As I write this late Tuesday evening, I’m still waiting for Mr. Obama to stop talking. Did no one give him the memo that at the end of Super Tuesday you are supposed to say a few words to your supporters and then step off the stage…not give a complete stump speech? Did no one give him the other memo that said you should wait for the candidate who’s currently speaking on TV to finish before you take the stage yourself? After all, it’s only polite to not shit over another candidate’s air time.
Don’t get me wrong. I think Mr. Obama is an electric speaker. It’s tough to not want to get into the rhythm and join with the chorus. The trouble is, and the thing that has been a growing reason why my support of Clinton has solidified over the recent days, is that while he’s been speaking well, he hasn’t really been saying anything. There’s a lot of describing the problems, and the things that should be addressed, but not a lot of specifics about what he specifically intends to do about them. Mrs Clinton has been throwing out plans. Sure, I think think her forcing people to buy health insurance is whack, but at least I know what to expect.
I pretty sure that Obama supporters are going to say that I’m not watching the same candidates that they are. That’s fair. We all tend to start seeing the favorable in those we support, and the unfavorable in those we don’t support. Human nature. I’m certainly not immune.
The thing I am most definitely certain about is that I still won’t be supporting any of the Republican candidates regardless of who the eventual Democratic nominee happens to be. The biggest issue for me with this is economics. The Republicans are all favoring supply-side/free-market policies. As I’ve said in other articles, we’ve done this twice now, and we’ve proved that it doesn’t work. It’s time the Republicans start thinking of a different economic model if they truly want to be the economic saviors of the U.S.
Mr. Huckabee seems to think he’s found his grail with FairTax. This has been a topic I’ve been researching. A MySpace acquaintance whose effectively a FairTax evangelist has urged me to take my time and research it well. While I can’t say that I’ve reached a final conclusion, I do have to say that I increasingly feel that it’s all smoke and mirrors. Something that looks good on paper (like pure communist socialism), but less than ideal in actual implementation. This isn’t the article to explore that, but it almost seems like a supply-side approach to tax reform–that we can reduce taxes and still come up with enough to fund the country. But as I said, this is a topic for deeper exploration at a later time.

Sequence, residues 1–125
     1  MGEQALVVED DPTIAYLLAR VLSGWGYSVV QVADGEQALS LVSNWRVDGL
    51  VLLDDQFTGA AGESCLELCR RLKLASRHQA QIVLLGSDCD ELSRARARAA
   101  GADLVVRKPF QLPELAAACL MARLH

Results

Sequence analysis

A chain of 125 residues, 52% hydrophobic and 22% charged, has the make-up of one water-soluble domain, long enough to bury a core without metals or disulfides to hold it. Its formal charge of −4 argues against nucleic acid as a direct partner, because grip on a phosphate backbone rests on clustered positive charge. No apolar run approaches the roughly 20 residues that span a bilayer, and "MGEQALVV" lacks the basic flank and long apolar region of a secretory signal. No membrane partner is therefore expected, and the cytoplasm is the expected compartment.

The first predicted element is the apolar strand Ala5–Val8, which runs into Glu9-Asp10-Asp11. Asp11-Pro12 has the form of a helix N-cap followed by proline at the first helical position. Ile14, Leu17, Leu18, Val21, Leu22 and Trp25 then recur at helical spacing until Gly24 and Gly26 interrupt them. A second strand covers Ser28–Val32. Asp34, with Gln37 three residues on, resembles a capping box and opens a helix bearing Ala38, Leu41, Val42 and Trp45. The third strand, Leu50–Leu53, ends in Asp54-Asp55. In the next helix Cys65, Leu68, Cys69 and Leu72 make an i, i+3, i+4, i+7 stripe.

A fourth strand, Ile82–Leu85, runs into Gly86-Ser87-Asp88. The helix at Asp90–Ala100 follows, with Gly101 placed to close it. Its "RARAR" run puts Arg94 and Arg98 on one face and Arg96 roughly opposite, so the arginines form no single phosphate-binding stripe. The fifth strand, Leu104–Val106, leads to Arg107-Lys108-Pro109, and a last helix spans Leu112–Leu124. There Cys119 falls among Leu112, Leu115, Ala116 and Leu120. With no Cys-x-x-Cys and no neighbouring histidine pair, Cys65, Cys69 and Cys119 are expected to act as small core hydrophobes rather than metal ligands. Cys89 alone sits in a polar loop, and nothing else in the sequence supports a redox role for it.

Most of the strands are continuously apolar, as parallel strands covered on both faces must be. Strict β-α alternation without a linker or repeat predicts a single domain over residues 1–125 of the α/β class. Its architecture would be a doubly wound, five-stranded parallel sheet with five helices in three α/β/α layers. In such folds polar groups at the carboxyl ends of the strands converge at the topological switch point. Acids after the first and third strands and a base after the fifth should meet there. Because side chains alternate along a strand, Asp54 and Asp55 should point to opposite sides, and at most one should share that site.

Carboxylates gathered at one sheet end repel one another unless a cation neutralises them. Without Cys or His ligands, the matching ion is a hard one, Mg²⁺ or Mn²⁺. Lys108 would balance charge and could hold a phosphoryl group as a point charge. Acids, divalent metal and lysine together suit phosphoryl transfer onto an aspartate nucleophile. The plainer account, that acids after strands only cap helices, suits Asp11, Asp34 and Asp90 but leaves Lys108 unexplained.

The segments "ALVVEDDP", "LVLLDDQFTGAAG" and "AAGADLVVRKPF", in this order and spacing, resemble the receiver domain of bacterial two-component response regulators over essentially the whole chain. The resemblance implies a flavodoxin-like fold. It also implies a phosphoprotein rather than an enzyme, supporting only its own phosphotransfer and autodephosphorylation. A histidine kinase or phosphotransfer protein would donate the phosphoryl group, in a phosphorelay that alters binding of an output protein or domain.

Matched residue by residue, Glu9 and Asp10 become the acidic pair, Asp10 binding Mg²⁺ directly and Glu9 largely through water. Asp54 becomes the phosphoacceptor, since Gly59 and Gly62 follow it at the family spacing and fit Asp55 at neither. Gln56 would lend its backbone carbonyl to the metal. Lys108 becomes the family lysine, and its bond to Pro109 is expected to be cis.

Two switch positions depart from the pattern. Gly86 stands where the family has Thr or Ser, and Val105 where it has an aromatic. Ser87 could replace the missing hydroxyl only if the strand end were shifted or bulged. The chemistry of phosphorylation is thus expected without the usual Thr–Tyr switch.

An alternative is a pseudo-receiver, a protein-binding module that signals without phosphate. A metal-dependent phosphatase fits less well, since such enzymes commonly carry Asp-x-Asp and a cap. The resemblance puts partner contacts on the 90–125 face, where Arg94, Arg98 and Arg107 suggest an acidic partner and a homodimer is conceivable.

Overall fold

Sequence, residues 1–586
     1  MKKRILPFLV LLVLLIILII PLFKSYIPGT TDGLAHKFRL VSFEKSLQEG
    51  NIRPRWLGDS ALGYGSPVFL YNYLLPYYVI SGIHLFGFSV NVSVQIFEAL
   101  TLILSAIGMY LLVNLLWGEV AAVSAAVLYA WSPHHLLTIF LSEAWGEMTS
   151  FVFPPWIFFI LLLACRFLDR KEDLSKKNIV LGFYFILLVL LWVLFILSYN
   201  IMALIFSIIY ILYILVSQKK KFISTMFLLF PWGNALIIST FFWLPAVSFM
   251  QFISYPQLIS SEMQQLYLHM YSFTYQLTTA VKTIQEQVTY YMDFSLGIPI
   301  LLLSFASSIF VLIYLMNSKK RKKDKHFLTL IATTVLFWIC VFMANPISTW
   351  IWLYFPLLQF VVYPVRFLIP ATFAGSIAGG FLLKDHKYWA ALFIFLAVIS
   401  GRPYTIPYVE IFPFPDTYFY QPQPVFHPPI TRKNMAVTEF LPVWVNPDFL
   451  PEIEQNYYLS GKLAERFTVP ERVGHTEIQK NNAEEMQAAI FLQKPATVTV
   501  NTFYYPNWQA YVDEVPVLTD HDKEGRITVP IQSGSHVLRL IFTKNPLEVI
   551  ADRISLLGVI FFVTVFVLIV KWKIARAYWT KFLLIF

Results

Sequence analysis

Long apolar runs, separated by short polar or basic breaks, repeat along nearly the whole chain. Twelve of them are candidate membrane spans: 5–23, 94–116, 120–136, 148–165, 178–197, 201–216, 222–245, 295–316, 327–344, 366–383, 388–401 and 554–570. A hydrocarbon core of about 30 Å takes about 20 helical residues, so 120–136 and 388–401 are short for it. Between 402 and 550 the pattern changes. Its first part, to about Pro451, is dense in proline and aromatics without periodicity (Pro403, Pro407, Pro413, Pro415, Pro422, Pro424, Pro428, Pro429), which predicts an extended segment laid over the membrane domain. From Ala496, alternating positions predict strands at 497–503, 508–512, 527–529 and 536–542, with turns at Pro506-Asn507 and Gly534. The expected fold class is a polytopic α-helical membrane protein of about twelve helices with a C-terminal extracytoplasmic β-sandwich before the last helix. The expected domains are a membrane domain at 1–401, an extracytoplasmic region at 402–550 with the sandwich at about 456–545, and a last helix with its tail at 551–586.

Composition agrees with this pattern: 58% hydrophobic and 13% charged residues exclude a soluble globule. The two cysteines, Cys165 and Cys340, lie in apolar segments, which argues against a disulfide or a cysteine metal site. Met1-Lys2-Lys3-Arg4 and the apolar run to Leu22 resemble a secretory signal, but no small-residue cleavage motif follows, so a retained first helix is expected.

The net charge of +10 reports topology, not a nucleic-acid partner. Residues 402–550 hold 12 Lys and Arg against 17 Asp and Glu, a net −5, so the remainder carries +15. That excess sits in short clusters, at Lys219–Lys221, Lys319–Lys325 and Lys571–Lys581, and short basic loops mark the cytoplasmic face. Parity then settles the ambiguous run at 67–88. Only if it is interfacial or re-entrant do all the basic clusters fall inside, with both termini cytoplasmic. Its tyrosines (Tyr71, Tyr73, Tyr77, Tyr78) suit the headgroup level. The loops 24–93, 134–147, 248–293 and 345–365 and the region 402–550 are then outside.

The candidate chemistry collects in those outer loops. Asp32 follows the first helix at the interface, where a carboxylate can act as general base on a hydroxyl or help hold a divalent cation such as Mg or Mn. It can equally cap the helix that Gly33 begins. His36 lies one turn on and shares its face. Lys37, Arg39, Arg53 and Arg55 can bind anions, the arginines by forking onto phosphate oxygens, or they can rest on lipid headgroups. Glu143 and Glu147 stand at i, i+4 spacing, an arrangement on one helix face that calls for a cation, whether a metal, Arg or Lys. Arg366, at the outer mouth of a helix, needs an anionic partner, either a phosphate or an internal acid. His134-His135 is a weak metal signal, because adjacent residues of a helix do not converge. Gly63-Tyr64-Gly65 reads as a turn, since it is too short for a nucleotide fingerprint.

One thing about the primaries I found personally revelatory came from the exit polls. They consistently showed the younger voters going for Obama, and the older voters going for Clinton. Upon reflection, I realized that for the young, first-time voters, the choice in candidates is clear. After all, Hillary Clinton had been First Lady and then Senator for as far back as they can remember. So for the young, the race is akin to JFK vs Bess Truman or Eleanor Roosevelt would have been in the early 60s. It explains a lot, I think.
I still have many hours of pouring through the exit polls. Even the quick peeks I’ve taken through the evening have been fascinating. That Latinos have been favoring Clinton is interesting considering they are the largest minority demographic in the country. The signs that those who earn under $50,000/yr are favoring Clinton while those who make more favor Obama is also interesting and also complicated.
It all makes for very interesting reading, these polls. When you extrapolate out to the general election, you can see why the Republicans have been lobbing attacks more in Clinton’s direction than Obama’s. Just on the surface of it, it seems that Clinton poses more problems for whoever the Republican candidate turns out to be.
But…it’s much too early to start thinking about such things. There are still many more primaries to go before we know how the dust will settle.